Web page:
All of the “SMP emulation” approaches require Linux kernel modifications to function. Recently, Numascale has introduced “Plug-and-Pay” SMP for AMD hardware. I find this approach interesting because it extends the HyperTransport bus beyond a single motherboard. Recently, I wrote a white paper, SMP Redux: You Can Have It All, for Numascale in which I described the advantages of large scale SMP and their Plug-and-Play solution. The technology is rather unique because it can take a pile of AMD servers and create a true SMP environment with a standard OS, that is, the hardware looks like a real SMP hardware to the OS. And, the cost is significantly less than those big iron SMP systems.
The magic is in a single adapter card that plugs into a standard HTX connector found on commodity motherboards (HTX is the HyperTransport link used by AMD on its processors). Once connected, the OS just “sees” the other processors and memory as if they were a single SMP. Numascale has designed their NumaConnect technology to support up to 4096 nodes with a full 48 bit physical address space, providing a total of 256 Tbytes of memory. It also provides sub-microsecond MPI latency between nodes (ping-pong/2). Yes, you can run MPI jobs on an SMP. Each adapter card has a on-chip seven-way switch that allows for a a switch-less network of either a 1D, 2D, or 3D Torus.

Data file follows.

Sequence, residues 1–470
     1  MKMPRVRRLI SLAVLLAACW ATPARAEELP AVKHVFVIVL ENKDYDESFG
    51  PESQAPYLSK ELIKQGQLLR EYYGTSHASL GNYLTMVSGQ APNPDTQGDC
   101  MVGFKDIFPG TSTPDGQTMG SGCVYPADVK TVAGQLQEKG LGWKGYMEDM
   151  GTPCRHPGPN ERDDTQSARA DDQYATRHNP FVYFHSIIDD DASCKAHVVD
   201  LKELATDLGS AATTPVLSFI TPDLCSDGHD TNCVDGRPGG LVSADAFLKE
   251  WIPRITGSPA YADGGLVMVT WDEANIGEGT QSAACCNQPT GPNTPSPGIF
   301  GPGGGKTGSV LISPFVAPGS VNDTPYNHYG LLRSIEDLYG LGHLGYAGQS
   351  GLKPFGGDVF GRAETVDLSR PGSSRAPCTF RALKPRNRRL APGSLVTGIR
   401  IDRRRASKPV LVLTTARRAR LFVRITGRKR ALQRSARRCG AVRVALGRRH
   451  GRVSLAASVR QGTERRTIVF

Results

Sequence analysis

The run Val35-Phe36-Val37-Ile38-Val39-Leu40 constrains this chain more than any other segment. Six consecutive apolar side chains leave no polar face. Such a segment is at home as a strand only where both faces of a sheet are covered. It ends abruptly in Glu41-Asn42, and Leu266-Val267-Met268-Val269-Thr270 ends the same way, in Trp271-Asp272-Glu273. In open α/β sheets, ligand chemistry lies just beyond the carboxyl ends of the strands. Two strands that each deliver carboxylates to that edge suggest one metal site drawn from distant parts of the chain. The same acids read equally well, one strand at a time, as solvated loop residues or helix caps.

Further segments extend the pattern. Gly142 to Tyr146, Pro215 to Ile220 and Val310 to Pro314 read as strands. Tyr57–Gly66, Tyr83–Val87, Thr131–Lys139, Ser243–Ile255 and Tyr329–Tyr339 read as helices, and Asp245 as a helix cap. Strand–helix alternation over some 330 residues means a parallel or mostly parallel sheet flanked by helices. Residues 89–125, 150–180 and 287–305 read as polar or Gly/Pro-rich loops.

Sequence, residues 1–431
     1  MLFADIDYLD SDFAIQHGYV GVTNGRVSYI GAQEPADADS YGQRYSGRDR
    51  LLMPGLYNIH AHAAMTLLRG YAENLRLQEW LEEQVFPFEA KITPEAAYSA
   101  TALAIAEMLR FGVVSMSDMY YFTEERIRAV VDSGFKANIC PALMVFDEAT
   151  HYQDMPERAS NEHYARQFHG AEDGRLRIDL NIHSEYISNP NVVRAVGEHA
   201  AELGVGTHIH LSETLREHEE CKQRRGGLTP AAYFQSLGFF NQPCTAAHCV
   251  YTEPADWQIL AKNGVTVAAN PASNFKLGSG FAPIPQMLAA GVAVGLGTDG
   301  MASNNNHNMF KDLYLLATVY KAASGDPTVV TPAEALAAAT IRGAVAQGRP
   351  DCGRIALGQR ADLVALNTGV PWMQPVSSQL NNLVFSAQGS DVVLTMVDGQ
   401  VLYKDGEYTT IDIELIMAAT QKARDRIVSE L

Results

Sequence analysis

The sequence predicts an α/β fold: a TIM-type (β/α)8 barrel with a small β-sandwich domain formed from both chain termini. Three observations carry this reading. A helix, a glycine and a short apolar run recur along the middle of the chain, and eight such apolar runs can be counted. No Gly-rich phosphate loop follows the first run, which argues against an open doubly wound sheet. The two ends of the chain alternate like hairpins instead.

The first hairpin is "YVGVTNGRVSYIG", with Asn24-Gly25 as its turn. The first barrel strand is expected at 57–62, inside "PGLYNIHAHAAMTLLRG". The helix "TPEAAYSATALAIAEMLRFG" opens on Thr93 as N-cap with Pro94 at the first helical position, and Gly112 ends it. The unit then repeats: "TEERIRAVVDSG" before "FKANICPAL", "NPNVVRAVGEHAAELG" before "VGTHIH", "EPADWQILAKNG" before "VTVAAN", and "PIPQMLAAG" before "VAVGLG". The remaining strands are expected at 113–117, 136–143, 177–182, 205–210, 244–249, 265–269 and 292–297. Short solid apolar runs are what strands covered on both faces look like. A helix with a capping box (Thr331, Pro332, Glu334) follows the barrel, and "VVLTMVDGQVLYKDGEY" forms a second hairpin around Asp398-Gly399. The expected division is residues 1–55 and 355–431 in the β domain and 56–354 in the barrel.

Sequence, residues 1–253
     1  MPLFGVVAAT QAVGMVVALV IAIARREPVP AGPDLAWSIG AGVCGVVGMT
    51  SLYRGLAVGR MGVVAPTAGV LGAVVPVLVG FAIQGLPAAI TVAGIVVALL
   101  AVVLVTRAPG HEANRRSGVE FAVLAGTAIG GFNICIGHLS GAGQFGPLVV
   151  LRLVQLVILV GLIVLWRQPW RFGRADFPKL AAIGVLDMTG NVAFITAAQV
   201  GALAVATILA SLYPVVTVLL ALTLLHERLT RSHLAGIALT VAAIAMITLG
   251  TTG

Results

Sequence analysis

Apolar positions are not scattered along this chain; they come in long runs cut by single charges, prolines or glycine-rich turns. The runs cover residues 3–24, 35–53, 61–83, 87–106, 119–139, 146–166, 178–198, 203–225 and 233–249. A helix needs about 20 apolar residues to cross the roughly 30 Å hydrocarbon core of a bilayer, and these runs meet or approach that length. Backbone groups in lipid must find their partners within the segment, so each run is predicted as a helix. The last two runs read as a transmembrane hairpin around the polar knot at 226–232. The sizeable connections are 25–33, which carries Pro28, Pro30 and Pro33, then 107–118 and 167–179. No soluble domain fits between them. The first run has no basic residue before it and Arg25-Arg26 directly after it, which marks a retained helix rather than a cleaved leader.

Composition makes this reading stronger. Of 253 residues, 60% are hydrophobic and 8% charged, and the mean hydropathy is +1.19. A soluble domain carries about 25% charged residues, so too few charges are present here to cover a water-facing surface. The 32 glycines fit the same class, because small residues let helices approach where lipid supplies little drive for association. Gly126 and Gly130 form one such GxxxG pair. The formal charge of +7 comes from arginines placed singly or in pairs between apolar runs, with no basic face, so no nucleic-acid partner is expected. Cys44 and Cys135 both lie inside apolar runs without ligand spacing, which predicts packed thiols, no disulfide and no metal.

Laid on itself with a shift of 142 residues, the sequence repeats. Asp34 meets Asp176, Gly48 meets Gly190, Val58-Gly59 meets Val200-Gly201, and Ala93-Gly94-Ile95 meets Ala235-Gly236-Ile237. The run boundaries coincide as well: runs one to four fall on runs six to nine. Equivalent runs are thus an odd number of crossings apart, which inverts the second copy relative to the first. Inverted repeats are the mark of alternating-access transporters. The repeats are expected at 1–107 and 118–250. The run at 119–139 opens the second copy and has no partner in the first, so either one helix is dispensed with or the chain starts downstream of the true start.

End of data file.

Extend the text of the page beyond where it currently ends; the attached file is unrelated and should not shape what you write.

Numascale addresses the cache coherency issue using a directory based cache coherency scheme. Recall the traditional cache methods that employ “snooping” have a limited scalability. With a directory based cache scheme each physical node has a directory that contains information about the state of the memory on that particular node. In addition, it has an second cache with a directory containing pointers to the nodes that share data with a particular cache line. Thus, a cache state change only needs to be sent to those nodes that actually share the data and not to any other nodes. This approach drastically reduces the amount of cache coherency information that needs to be exchanged in the system with a corresponding reduction in the bandwidth requirements. Obviously, the effectiveness of this solution is application dependent (as is all cache based solutions). Overhead is relatively small and is reported to be less than five percent.
All this is done behind the scenes using coherent HyperTransport (cHT) and the Numascale adapter. If you have been around the HPC neighborhood for a while, you may think that the Numascale seems to have some things in common with SCI (Scalable Coherent Interface), and you would be right. NumaConnect began at Dolphin, makers of SCI adapters, and was spun-out as Numascale.
I think about plug-and-play SMP when I am working on clusters. Most nodes already have some kind of high speed interconnect (most likely InfiniBand). If these were NumaConnect, then I would get pretty much the same computing capabilities, but a lot less management overhead because my nodes have joined the collective, as it were. Seems like a good idea and I expect it will develop further in 2011.
In the mean time, I will continue my clustering efforts. All that fussing around with nodes, networks, RPMs, sheet metal, and software keeps me in my basement and out of trouble.
Douglas Eadline is the Senior HPC Editor for Linux Magazine.